It is the story of two of the most beloved players in the NBA.
There’s the Denver Nuggets’ Nikola Jokić, the burly Serbian center who has battled understatement and misinterpretation to become one of the league’s greats and a two-time MVP.
Then there’s Miami Heat Jimmy Butler, another underrated player whose determination and never-give-up attitude against all odds have earned him plaudits and fans in recent years, but particularly in these playoffs.
It’s the performances of Jokić and Butler that help explain why the NBA Finals are being contested by the Denver Nuggets and Miami Heat at the conclusion of the 2022/23 NBA season.
The two teams have a lot in common; both are led by a star player with complementary collaborators around him and both have long-term head coaches at the helm: Miami’s Erik Spoelstra has the second-longest active tenure as a team’s head coach, while Denver’s Michael Malone has the room
After sweeping the Los Angeles Lakers in the Western Conference Finals, the Nuggets have had more than a week off, while the Heat have come off a grueling seven-game series with the Boston Celtics, so fatigue could be a factor.
Whoever is left standing with the Larry O’Brien trophy aloft at the end of the Finals, whether it’s Jokić or Butler, is likely to make a great story for neutral fans as both players aim to win their first rings.
Game 1 of the NBA Finals begins Thursday, June 1 at Ball Arena in Denver, Colorado, with Game 2 taking place on Sunday.
The series then travels to Miami for Games 3 and 4 before returning to Denver for Game 5 if necessary. If necessary, Game 6 will take place in Miami and Game 7 in Denver.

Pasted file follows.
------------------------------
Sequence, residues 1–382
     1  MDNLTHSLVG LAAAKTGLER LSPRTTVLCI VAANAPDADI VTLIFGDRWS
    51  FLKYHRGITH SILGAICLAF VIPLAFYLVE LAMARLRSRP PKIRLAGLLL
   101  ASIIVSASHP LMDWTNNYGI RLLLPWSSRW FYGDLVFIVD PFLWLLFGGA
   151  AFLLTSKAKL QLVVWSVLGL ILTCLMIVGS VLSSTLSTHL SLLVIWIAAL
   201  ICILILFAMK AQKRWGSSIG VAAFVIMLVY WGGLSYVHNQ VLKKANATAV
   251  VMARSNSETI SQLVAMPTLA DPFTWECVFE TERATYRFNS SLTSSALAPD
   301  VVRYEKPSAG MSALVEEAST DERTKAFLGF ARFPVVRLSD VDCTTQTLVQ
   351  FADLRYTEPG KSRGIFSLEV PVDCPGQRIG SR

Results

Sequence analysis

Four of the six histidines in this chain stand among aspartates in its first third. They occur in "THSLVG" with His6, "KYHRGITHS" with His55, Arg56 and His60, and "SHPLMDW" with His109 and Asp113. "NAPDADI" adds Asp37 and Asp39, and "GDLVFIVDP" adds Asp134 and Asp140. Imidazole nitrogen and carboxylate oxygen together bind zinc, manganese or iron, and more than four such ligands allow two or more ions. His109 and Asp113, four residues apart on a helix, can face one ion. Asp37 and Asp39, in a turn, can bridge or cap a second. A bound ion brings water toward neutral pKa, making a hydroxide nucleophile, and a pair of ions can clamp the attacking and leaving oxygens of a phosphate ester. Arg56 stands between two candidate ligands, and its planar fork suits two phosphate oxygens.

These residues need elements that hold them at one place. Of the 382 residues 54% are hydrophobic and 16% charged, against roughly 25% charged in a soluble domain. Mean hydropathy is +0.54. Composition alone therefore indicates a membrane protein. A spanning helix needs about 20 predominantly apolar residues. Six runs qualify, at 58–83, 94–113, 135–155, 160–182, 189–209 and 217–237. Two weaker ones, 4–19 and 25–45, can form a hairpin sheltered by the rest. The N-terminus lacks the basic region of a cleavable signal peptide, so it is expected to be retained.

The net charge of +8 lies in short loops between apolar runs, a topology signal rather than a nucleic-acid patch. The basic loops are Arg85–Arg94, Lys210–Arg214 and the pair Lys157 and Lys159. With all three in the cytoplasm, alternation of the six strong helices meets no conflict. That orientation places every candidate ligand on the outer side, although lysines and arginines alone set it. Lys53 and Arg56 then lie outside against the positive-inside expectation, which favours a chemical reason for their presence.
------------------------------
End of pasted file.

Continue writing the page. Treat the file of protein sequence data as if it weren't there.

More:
The NBA season finale will air on ABC in the US, while all games are available via NBA League Pass.
International viewers can watch all the action on League Pass, as well as via local broadcasters.
For the Nuggets, a run to the Finals was the only palatable early-season result after years of near misses. And as the No. 1 seed in the Western Conference, they have fulfilled those wishes.
Jokić has become a transformational player for Denver in recent years; but this particular season, the two-time MVP has gone from regular-season juggernaut to postseason juggernaut.
The 28-year-old has averaged a triple double of 30.4 points, 13.8 rebounds and 10.2 assists in 13 games this postseason as Denver has advanced to the playoffs.
He has fended off challenges from a long list of superstars: LeBron James, Anthony Davis, Kevin Durant and Devin Booker have all fallen by the wayside.
Adam Pantozzi/NBAE/Getty Images
Jokić shoots the ball during Game 4 of the Western Conference Finals.
It’s Jokić’s unique combination of passing, scoring and vision that has made him such a dominant force, and coupled with Jamal Murray’s scoring prowess, the Nuggets have been nearly unstoppable on offense.
Due to some smart additions in recent years, notably Aaron Gordon and Kentavious Caldwell-Pope, Denver’s defense has also been stifling.
Jokić admitted that the celebrations lasted shortly after the Lakers’ sweep in the Western Conference Finals, as Denver’s goal is to lift the title.
But he admits that if they are able to claim that ring, he could afford to completely absorb it all.